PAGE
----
12/05/2017 14:56 EST | Updated 12/05/2017 14:56 EST

Antibiotic Resistance: Why You Should Care

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Written by Sybil Millar, Communications Advisor for the Ross Tilley Burn Centre, Critical Care and Infectious Diseases programs at Sunnybrook.

If you've ever had a bacterial infection you're probably familiar with antibiotics, which are drugs that kill bacteria. They're essential for successfully treating and preventing serious infectious diseases.

Over the past century, access to effective antibiotics has saved millions of lives, and enabled major medical and surgical breakthroughs. The misuse and overuse of antibiotics, however, has contributed to a phenomenon known as antibiotic resistance.

"Antibiotic resistance is rising to dangerously high levels in all parts of the world, including Canada. It threatens our ability to treat common infectious diseases, resulting in prolonged illness, disability and death," says Christine Peragine, Pharmacist and Clinical Research Fellow in Antimicrobial Stewardship and Infectious Diseases at Sunnybrook.

Antibiotic resistance is increasing the overall cost of health care, by contributing to lengthier hospital stays for patients and more intensive care unit admissions.

It's also impacting many of the medical advancements we take for granted, like organ transplants, chemotherapy for cancer treatment, diabetes management and major surgeries. To be successful, these conditions and procedures require effective antibiotics, because they have a high risk of infection. If current trends continue, it will become more difficult to achieve good outcomes for patients.

Here's what you need to know about antibiotic resistance:

What is antibiotic resistance?

Resistance develops when potentially harmful bacteria change in a way that makes them immune to antibiotics. Resistant bacteria survive, multiply and spread, causing more harm.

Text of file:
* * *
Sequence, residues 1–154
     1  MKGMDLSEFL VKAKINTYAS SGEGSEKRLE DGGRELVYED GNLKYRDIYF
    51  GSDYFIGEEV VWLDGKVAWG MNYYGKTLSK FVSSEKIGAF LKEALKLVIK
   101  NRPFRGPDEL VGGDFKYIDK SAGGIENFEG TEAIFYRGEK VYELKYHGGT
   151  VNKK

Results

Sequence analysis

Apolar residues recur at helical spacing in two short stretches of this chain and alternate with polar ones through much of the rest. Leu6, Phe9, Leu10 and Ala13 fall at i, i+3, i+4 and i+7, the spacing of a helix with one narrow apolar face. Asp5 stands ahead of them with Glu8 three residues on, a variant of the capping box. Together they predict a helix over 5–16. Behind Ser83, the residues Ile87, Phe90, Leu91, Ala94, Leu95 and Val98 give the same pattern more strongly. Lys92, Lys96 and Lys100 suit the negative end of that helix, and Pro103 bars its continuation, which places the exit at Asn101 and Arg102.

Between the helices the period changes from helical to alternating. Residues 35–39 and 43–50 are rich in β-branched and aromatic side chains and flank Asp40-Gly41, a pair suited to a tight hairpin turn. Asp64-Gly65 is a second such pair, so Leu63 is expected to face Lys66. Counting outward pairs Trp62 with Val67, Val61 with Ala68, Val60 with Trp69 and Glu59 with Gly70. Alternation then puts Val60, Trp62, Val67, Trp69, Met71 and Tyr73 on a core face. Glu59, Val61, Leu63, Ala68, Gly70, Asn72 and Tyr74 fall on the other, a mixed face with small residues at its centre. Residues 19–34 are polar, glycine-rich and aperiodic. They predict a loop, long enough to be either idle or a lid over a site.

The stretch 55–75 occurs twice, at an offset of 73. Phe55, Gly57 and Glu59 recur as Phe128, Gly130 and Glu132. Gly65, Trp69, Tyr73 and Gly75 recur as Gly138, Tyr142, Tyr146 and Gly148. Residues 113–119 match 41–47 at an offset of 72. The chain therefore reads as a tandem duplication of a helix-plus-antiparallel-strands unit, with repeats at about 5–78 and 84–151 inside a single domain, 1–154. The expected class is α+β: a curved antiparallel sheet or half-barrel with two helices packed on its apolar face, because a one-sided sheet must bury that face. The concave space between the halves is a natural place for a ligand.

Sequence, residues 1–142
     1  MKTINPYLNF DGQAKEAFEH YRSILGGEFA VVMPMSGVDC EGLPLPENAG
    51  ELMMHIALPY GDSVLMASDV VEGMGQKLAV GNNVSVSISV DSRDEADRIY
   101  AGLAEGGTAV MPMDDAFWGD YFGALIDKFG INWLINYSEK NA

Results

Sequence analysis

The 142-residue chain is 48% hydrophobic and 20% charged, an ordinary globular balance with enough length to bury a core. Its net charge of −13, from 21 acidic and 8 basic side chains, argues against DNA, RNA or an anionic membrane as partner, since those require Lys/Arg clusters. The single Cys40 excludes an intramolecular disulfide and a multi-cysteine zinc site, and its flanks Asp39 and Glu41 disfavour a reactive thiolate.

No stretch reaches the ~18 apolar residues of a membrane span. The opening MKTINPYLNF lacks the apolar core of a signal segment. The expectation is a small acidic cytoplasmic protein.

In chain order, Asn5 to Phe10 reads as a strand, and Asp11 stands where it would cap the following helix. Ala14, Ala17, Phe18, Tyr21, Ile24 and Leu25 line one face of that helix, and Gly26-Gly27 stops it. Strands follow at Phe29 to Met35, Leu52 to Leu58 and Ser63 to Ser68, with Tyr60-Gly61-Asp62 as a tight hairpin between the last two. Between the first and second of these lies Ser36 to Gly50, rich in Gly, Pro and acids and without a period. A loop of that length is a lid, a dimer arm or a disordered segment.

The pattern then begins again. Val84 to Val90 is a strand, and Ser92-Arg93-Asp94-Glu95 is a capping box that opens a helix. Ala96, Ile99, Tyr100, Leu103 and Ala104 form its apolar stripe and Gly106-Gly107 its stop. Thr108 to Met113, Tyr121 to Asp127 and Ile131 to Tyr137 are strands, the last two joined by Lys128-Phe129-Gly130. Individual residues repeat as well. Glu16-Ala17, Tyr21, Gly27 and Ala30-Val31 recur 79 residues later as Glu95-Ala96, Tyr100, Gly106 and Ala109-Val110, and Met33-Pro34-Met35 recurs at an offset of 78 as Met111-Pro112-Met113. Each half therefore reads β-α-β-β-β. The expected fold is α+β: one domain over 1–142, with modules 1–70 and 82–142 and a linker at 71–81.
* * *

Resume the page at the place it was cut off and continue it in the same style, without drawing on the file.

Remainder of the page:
How does antibiotic resistance happen?

Drug resistance is a natural evolutionary phenomenon. When people take antibiotics for a bacterial infection, the antibiotic kills off the "weaker" organisms. However, there may be some organisms that are resistant to the antibiotic, so they aren't killed off. This allows them to multiply and spread, meaning that the next generation of the bacterial infection will no longer respond to (or be killed off by) that antibiotic.

Why is antibiotic resistance a problem?

Antibiotic resistance is a problem because standard treatments become ineffective. An antibiotic that used to work on certain infections no longer does. People are unable to recover from infections, and may then spread those infections to others.

In Canada, the prevalence of resistant- and multi-drug resistant bacteria (also known as 'superbugs') is increasing. We are one step away from creating a superbug resistant to all commercially available antibiotics that would be capable of defeating every antibiotic in the medicine cabinet.

What can you do to reduce antibiotic resistance?

If you've been prescribed antibiotics, there are a few easy steps you can take to prevent antibiotic resistance:

1. Only take antibiotics in the way they have been prescribed to you

2. Don't ask for antibiotics to treat viral infections like colds and the flu. Antibiotics have no effect on viruses, and won't speed up your recovery from viral infections

3. Clean your hands often! It is possible to pass on antibiotic resistant bacteria to others, so prevent the spread of germs by practicing good hygiene

Discover more wellness tips from Sunnybrook experts at

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